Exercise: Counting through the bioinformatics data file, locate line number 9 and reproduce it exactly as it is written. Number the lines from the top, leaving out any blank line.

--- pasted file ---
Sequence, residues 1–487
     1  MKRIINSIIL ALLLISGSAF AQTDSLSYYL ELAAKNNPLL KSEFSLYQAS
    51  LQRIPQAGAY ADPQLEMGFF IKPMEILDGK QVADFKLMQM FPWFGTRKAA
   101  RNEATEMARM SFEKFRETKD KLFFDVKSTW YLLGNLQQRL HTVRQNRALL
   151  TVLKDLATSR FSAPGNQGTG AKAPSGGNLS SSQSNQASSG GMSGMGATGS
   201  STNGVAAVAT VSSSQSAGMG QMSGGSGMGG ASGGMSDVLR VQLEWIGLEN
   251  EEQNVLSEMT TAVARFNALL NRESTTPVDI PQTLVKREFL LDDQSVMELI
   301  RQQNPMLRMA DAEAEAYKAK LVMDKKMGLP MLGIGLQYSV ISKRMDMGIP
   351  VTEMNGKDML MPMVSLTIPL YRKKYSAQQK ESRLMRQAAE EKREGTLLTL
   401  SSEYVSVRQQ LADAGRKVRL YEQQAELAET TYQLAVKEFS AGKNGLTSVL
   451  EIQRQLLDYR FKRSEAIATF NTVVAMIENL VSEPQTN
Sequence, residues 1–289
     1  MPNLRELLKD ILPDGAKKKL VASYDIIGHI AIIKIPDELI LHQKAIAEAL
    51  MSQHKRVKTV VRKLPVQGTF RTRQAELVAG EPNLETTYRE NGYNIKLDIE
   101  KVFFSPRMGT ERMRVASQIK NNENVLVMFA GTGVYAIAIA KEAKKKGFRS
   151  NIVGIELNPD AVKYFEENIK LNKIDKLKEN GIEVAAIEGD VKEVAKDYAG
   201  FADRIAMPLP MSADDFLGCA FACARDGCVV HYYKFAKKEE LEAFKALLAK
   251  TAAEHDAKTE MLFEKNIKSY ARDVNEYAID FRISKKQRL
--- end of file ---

   351  VTEMNGKDML MPMVSLTIPL YRKKYSAQQK ESRLMRQAAE EKREGTLLTL